Studio Sly’s confident identity references BASSANO’s Italian heritage and brutalist construction
Designed by Tom Robertson Architects, Red Hill Victoria’s BASSANO accommodation studio is a brutalist feat of engineering and design. Filled with an unrivalled collection of vintage Italian objects, furniture and materials, the studio offers a totally unique homestay for two. BASSANO, however, was in need of an identity that could match its grace, opulence and comfort. Turning to Melbourne-based design practice Studio Sly, the identity takes influence from the studio’s environmental and personable contexts; beginning with the Italian heritage of its founders’ Eliza and Scotty – alongside the residential donkeys’ Guido and Peppi.
Opting for AlfaType’s Bianco Sans as the primary typeface, the Italian sans serif’s construction conveys a tone similar to the BASSANO itself; rich in character, eccentricity and candour, while being fundamentally built upon a sober, pragmatic grounding. “The wordmark is a customised version of Bianco,” Studio Sly’s Lauren Finks tells us. “I hand drew the ‘B’ and added internal rounding to the lettering to soften the corners,” she adds, noting the further balance of unaltered Bianco alongside CAST Foundry’s Fulmar throughout the extended identity.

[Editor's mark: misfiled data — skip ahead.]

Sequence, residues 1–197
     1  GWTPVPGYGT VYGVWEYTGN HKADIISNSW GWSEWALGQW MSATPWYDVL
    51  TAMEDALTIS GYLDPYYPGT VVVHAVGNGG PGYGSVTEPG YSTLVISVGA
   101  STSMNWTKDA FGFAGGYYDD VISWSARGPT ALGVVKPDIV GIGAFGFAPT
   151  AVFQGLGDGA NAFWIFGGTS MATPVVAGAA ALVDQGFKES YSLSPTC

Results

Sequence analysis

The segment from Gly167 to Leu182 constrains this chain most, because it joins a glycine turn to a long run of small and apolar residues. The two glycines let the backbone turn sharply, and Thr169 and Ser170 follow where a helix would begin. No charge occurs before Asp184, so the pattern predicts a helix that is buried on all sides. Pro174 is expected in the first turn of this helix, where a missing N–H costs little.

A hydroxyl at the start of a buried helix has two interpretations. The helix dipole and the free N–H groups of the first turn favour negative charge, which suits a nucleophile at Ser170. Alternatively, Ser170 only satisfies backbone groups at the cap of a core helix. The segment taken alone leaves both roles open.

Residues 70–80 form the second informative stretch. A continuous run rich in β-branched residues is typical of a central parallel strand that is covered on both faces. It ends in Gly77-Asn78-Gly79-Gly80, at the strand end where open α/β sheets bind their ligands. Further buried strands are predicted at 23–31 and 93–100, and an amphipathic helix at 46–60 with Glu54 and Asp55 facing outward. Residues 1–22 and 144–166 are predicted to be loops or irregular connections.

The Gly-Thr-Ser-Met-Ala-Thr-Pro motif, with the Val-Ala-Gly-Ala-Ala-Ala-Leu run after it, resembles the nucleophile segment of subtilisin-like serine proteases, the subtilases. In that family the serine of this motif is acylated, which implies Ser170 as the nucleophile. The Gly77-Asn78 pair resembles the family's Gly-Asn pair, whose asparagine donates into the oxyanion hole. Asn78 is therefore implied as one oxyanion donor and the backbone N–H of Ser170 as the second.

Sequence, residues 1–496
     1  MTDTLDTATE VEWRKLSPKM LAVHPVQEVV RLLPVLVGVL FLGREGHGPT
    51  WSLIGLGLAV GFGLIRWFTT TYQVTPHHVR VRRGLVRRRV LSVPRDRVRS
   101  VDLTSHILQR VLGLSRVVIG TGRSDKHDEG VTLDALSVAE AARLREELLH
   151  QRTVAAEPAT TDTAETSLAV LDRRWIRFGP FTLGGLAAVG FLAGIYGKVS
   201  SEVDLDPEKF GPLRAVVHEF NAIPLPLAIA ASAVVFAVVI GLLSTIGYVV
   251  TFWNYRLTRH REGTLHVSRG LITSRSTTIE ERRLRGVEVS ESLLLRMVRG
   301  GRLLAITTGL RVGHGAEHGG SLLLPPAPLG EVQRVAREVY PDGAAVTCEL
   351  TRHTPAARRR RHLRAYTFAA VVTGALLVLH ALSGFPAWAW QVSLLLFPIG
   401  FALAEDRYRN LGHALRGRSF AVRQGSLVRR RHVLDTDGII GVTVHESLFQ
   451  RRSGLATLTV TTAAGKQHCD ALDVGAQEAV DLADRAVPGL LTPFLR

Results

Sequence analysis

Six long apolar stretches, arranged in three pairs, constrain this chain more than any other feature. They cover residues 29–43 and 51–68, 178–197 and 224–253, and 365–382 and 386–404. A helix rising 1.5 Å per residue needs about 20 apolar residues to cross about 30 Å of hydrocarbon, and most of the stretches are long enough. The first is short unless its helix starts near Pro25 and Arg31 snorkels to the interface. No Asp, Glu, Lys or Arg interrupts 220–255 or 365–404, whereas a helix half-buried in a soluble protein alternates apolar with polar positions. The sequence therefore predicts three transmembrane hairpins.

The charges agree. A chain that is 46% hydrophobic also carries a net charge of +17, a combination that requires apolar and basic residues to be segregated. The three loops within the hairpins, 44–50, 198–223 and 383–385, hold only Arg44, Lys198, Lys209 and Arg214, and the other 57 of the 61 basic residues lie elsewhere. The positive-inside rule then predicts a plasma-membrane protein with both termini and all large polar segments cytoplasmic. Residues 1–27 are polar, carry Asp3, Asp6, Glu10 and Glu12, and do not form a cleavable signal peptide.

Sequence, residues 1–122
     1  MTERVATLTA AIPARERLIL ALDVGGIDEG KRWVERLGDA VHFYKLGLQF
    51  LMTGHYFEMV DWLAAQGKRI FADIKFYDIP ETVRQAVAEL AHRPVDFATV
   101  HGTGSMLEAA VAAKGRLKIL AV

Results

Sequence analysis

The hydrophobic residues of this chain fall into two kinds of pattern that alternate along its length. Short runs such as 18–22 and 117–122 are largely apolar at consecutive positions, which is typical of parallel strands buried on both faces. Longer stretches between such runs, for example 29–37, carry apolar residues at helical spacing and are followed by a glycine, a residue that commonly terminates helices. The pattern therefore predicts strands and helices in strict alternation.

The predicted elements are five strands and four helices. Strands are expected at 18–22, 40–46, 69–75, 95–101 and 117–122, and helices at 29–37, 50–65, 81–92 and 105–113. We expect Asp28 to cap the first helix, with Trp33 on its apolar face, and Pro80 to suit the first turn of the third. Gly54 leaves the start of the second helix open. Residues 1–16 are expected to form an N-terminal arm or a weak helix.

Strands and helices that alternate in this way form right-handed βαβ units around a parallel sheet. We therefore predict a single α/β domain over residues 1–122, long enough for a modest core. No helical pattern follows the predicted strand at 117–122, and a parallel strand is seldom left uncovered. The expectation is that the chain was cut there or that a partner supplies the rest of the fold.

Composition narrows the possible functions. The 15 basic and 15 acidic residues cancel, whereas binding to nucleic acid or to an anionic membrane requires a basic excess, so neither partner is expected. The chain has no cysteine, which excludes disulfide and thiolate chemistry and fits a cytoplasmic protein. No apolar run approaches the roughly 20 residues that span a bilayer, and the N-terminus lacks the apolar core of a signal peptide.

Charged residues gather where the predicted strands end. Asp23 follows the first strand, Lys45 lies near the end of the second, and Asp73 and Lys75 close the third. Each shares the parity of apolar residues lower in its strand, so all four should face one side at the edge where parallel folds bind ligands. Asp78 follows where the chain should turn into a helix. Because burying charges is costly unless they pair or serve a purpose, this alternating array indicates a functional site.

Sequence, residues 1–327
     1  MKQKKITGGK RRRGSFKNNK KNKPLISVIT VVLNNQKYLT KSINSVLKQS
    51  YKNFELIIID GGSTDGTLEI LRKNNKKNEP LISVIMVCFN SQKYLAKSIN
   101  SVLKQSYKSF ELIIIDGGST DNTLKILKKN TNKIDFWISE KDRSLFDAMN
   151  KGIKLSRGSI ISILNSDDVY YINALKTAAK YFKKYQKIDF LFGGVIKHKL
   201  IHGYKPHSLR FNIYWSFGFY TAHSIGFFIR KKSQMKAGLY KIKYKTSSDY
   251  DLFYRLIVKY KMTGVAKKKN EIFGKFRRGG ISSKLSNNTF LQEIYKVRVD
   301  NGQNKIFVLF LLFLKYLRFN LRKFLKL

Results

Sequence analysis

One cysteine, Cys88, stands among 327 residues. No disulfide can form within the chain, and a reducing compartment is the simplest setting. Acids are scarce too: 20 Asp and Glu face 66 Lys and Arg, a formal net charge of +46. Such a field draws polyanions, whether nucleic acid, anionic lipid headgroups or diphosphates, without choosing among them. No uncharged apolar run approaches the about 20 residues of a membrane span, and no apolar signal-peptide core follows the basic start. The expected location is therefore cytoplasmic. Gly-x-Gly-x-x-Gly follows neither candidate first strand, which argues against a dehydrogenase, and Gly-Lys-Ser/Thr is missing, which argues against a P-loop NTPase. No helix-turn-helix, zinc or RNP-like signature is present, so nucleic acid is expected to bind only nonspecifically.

Architecturally composed, Studio Sly’s graphic language reflects a structure akin to the building itself. Confident in its use of negative space and staggered typographic treatment, the identity is effortless in its luxuriant pursuit of style and sophistication through the implementation of tactile print finishes and materials such as embossed Italian leather coasters and bespoke brutalist signage.
Further denoting the studio’s serene sense of splendour is Studio Sly’s sharp chromatic colour selection.“The palette was chosen after my first visit to the building site,” Finks remarks, “I wanted the architecture and styling to sit at the forefront,” she adds, recalling how unique the space felt. “The monochrome palette would let everything sing,” Finks concludes, “and the claret is there to pick up one of the tables but also to add a subtle hint of that Italian richness.”